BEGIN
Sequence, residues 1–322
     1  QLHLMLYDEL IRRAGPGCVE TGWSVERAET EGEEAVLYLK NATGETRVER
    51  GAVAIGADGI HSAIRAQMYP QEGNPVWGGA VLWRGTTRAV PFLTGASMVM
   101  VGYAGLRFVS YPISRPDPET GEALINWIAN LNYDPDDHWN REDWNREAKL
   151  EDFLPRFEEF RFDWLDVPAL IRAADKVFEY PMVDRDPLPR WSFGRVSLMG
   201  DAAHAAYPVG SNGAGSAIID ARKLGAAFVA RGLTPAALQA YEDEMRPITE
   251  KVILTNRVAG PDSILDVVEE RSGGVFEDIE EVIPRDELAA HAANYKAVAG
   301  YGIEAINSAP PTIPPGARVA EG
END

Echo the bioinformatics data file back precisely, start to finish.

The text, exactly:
Sequence, residues 1–322
     1  QLHLMLYDEL IRRAGPGCVE TGWSVERAET EGEEAVLYLK NATGETRVER
    51  GAVAIGADGI HSAIRAQMYP QEGNPVWGGA VLWRGTTRAV PFLTGASMVM
   101  VGYAGLRFVS YPISRPDPET GEALINWIAN LNYDPDDHWN REDWNREAKL
   151  EDFLPRFEEF RFDWLDVPAL IRAADKVFEY PMVDRDPLPR WSFGRVSLMG
   201  DAAHAAYPVG SNGAGSAIID ARKLGAAFVA RGLTPAALQA YEDEMRPITE
   251  KVILTNRVAG PDSILDVVEE RSGGVFEDIE EVIPRDELAA HAANYKAVAG
   301  YGIEAINSAP PTIPPGARVA EG